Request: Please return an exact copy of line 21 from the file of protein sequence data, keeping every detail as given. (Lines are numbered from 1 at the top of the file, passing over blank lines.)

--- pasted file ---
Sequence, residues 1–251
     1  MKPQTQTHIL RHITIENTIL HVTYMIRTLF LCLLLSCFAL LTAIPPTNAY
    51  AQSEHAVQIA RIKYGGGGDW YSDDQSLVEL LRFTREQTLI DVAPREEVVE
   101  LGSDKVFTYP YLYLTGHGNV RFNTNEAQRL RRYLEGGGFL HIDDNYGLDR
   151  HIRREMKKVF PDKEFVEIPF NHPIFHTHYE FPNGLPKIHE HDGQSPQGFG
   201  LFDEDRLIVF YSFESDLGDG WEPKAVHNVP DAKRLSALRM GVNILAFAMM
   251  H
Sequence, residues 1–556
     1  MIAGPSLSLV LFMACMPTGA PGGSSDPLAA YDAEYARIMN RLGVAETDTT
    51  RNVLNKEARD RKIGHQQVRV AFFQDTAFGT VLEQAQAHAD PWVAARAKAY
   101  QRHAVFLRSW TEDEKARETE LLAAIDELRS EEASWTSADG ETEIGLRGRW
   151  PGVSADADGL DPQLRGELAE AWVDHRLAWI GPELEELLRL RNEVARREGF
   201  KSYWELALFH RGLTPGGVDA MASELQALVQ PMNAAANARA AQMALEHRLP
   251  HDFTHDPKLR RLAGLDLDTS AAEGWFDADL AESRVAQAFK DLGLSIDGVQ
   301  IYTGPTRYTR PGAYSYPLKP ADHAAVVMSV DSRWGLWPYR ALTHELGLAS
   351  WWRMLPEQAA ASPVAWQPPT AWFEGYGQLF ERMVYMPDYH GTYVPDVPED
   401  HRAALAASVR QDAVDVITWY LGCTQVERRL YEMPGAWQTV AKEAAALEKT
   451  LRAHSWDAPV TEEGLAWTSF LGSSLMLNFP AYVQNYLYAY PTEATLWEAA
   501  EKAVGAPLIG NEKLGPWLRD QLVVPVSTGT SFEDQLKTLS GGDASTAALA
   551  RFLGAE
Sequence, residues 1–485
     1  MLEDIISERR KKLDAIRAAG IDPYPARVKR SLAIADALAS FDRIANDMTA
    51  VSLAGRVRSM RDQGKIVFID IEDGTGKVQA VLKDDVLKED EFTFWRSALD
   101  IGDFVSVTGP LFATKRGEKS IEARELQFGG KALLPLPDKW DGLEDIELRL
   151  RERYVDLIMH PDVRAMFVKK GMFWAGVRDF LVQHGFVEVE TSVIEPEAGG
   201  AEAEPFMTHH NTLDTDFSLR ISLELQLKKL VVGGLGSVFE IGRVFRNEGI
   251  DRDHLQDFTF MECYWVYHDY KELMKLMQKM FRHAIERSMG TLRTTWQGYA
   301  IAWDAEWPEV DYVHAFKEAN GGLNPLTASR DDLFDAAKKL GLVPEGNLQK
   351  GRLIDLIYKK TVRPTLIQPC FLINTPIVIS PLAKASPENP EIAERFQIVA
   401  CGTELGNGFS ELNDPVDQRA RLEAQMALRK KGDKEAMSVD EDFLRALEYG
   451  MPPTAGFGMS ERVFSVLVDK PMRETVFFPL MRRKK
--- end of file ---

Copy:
Sequence, residues 1–485